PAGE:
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在线翻译:
szdaily -> Business
Home prices rise in fewer cities as curbs bite
    2017-June-20  08:53    Shenzhen Daily

HOME prices increased in fewer Chinese cities last month in the wake of cooling measures imposed by local authorities.

New home prices, excluding government-subsidized housing, gained from the previous month in 56 of 70 cities tracked by the government, compared with 58 in April, the National Bureau of Statistics said yesterday. Prices fell in nine cities and were unchanged in five.

In Beijing, the scene of the nation’s tightest property restrictions, prices of new homes were unchanged from the previous month, and prices of existing homes fell by 0.9 percent, the first decline since February 2015.

It was the second straight month that the number of cities with price increases has fallen, as officials persist with curbs to take the froth out of bubbly markets. A deepening property slowdown could trim the nation’s economic growth rate, with UBS Group forecasting that sales will “lose more steam” in the second half of the year.

In Shenzhen, the nation’s hottest market early last year, new home prices fell 0.6 percent from April, the sharpest fall in three months. In Shanghai, where people took it onto the street this month about some housing restrictions, new home prices were unchanged.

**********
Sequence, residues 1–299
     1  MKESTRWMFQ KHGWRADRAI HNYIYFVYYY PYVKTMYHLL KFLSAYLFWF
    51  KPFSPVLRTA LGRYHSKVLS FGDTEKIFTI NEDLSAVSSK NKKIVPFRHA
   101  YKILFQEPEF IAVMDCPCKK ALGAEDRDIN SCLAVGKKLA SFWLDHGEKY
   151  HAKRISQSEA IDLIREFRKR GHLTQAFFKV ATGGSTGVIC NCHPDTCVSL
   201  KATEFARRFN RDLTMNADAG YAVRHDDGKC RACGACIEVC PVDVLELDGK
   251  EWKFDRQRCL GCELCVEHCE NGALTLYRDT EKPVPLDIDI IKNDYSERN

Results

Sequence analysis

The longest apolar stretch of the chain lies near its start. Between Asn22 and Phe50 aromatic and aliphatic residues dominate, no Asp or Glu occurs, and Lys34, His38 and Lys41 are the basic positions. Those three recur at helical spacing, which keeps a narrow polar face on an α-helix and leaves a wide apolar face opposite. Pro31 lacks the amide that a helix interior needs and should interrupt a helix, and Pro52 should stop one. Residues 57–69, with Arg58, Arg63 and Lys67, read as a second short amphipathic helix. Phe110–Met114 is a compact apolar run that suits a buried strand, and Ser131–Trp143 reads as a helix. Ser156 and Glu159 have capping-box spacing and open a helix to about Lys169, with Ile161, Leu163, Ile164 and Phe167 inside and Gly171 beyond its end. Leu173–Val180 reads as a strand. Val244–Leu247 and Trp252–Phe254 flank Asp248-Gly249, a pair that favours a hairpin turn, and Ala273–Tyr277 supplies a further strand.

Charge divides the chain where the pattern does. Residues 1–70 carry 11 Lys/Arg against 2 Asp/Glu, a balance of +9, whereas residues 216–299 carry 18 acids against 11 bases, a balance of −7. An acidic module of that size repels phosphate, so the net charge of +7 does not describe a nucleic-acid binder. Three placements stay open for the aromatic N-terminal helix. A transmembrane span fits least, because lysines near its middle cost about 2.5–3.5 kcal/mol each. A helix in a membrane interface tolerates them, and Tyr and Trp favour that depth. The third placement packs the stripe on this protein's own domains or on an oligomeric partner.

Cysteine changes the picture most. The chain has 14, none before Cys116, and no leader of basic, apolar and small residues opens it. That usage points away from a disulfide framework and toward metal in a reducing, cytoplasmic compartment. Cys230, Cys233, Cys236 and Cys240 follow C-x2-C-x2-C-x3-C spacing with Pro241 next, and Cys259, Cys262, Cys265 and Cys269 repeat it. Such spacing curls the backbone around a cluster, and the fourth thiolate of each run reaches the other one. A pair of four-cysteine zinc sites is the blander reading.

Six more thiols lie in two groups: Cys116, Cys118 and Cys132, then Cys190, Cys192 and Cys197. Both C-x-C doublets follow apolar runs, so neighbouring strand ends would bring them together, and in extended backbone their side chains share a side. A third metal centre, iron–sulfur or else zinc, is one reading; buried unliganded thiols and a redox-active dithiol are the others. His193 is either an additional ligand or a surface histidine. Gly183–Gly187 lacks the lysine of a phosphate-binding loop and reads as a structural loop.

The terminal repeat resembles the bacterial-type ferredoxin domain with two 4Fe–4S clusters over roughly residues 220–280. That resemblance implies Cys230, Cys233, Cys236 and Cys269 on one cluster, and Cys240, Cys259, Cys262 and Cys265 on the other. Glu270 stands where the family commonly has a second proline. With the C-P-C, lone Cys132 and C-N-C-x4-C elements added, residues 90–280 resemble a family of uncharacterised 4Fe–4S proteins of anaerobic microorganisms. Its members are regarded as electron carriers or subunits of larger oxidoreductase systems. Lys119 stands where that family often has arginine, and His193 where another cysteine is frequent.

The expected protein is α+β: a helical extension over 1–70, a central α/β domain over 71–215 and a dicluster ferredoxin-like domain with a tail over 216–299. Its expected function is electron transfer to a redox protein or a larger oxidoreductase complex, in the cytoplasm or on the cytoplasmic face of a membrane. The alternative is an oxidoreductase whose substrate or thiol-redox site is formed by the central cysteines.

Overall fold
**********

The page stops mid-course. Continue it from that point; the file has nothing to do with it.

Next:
Average new home prices in China’s 70 major cities rose 0.7 percent in May from the previous month, in line with April, Reuters calculated from National Bureau of Statistics data.

Compared with a year ago, new home prices rose 10.4 percent in May, easing from a 10.7 percent gain in April, according to Reuters calculations.

So far, demand in smaller cities, where local authorities are trying to clear a buildup of housing stock, is helping to support the market. New home sales rose 13 percent to 871 billion yuan (US$128 billion) in May from a year earlier, exceeding an 8 percent gain in April, according to Bloomberg calculations based on data released by the National Bureau of Statistics.

Central bank data published last Wednesday showed Chinese banks extended more credit than expected in May, with home loans expanding even as policymakers struggled to rein in riskier borrowing without impeding economic growth.

Household loans, mostly mortgages, rose to 610.6 billion yuan in May from 571 billion yuan in April, accounting for 55 percent of total new loans last month, up from 52 percent in April, the data showed.

Investors, banned from the hottest markets, are increasingly looking inland, driving up prices in more remote, smaller cities with fewer buying restrictions, leading to a surprise pickup in May sales.

Sales by value in smaller cities have risen 30 percent so far in 2017 compared to a year ago, said Sam Xie, head of research at property services provider CBRE China.

But economists say new tightening measures introduced since mid-March have started taking some heat out of the market.

Annual growth in China’s real estate investment slowed in May, the first fall-off in three months, taking a toll on new developments as new construction starts almost halved from the previous month, official data showed.(SD-Agencies)

 

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